Local legislators were divided on a bill that would allow a casino with up to 1,500 slot machines to open in Oxford County.

Voters will have the final say, however, since supporters of the casino proposal collected sufficient signatures to send the measure to the November ballot as a voter-initiated referendum.

The Senate voted 26-8 on April 5 to kill LD 1808. The House had voted 83-59 on April 2 to kill the legislation.

The Legislature’s Legal and Veterans Affairs Committee had recommended that LD 1808 be defeated.

State Sen. Christopher Rector, R-Thomaston, said he is opposed to casinos, but defeat of the legislation simply means the measure will go to voters.

“Casinos are not economic development,” Rector said. “Unfortunately, they demonstrate the failure of economic opportunities.”

Current state law allows up to 1,500 slot machines in Maine. The bill would expand that to 3,000 but limit any casino to 1,500 machines. The proposal would allow a casino in Oxford County with the approval of the municipality where it would be located. Under the bill, 46 percent of net income from the slot machines would go to the state, with 16 percent of net money from games of chance going to the state.

Voting to kill the bill in the Senate were the three local state senators — Republicans Rector, A. David Trahan of Waldoboro and Carol Weston of Montville.

In the House, voting to defeat the bill were Reps. Edward Mazurek, D-Rockland; Chuck Kruger, D-Thomaston; Joan Welsh, D-Rockport; Maine House Speaker Hannah Pingree, D-North Haven; Andrew O’Brien, D-Lincolnville; Elizabeth Miller, D-Somerville; Jonathan McKane, R-Newcastle; Veronica Magnan, D-Stockton Springs; John Piotti, D-Unity; and Michael Thibodeau, R-Winterport.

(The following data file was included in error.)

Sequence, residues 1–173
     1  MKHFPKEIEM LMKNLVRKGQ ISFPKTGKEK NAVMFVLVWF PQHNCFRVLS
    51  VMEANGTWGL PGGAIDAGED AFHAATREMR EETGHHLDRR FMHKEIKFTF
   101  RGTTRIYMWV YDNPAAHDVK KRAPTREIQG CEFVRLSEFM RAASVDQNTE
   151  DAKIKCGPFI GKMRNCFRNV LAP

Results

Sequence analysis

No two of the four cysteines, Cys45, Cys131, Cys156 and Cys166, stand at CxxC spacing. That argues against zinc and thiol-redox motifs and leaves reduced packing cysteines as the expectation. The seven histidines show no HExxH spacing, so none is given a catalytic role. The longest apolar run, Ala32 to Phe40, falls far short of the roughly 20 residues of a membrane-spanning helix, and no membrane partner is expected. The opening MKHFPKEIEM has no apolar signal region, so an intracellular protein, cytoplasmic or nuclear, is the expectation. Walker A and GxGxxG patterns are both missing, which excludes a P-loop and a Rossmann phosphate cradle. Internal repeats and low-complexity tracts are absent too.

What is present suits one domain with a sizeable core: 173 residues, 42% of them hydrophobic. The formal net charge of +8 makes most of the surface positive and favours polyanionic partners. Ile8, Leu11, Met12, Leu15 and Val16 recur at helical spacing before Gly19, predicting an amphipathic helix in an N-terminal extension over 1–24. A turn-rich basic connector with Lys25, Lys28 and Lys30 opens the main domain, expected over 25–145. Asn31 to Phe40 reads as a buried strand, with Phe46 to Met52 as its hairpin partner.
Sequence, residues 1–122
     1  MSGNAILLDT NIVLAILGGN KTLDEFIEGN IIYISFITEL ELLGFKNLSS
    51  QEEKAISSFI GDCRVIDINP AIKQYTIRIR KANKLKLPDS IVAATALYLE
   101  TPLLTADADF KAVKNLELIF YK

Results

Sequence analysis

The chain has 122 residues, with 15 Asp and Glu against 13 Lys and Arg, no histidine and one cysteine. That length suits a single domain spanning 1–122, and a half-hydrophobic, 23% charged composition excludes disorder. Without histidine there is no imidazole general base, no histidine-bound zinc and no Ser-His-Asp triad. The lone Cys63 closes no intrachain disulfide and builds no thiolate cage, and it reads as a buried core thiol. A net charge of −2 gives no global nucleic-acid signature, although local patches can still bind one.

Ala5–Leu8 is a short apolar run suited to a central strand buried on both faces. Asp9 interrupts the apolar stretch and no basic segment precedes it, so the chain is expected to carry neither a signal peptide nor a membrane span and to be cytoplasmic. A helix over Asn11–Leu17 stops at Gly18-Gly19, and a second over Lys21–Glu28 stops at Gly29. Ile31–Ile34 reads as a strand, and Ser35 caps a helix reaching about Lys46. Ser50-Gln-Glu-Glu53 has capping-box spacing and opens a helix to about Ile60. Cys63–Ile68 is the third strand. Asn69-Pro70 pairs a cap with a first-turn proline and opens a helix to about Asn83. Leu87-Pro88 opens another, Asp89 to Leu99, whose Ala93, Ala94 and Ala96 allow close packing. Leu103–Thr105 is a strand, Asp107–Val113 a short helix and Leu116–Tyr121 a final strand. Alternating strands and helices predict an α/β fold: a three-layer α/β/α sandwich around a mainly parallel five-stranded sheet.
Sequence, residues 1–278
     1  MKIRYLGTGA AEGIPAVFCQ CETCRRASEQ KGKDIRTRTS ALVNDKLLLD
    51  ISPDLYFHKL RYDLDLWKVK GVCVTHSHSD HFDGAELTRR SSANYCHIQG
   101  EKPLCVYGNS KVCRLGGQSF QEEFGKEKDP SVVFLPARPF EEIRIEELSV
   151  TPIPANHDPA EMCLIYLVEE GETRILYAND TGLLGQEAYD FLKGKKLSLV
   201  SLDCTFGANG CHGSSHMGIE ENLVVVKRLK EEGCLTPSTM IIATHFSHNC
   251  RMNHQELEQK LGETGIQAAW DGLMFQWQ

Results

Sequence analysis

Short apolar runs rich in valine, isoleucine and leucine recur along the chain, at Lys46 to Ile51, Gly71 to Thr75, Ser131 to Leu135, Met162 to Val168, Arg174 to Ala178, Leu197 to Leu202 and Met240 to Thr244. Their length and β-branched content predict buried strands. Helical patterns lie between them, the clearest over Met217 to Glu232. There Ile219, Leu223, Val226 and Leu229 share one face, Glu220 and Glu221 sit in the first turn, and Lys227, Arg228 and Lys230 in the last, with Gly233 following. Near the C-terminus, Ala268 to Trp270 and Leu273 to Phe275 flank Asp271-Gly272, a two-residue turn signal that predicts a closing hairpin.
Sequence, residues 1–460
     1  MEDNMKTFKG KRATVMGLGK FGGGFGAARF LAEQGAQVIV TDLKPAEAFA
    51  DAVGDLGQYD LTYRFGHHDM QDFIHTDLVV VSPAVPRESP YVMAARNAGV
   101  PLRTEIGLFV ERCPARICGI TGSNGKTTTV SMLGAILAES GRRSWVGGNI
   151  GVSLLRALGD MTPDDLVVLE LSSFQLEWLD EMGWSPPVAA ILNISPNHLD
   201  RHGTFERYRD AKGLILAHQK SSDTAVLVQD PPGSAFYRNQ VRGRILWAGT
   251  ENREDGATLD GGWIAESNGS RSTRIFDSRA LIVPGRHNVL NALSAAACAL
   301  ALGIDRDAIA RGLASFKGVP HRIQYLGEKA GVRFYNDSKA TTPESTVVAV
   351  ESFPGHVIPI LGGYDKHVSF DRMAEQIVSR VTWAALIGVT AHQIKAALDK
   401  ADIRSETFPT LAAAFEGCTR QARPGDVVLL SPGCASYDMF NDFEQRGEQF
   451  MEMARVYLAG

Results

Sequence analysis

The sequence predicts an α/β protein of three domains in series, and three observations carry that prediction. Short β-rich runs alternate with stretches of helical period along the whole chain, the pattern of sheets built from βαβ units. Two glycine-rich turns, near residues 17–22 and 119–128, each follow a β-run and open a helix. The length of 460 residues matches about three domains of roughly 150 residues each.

Welsh said her overall position on gambling was negative.

“I lived in Nevada for many years and I do not think this is what would be good for Maine, despite the need for jobs and economic development,” Welsh said.

Voting to keep the bill alive were Reps. Wes Richardson, R-Warren; Wendy Pieh, D-Bremen; and Jayne Crosby-Giles, R-Belfast.

If the Legislature had approved the bill and the governor had signed it, the law would have taken effect. Gov. John Baldacci has expressed opposition to new gambling proposals in Maine.

There had been efforts in the Legislature to add a competing measure on the ballot to allow for a casino in Washington County to be operated by the Passamaquoddy Tribe and to allow for table games at Hollywood Slots in Bangor. Those efforts failed.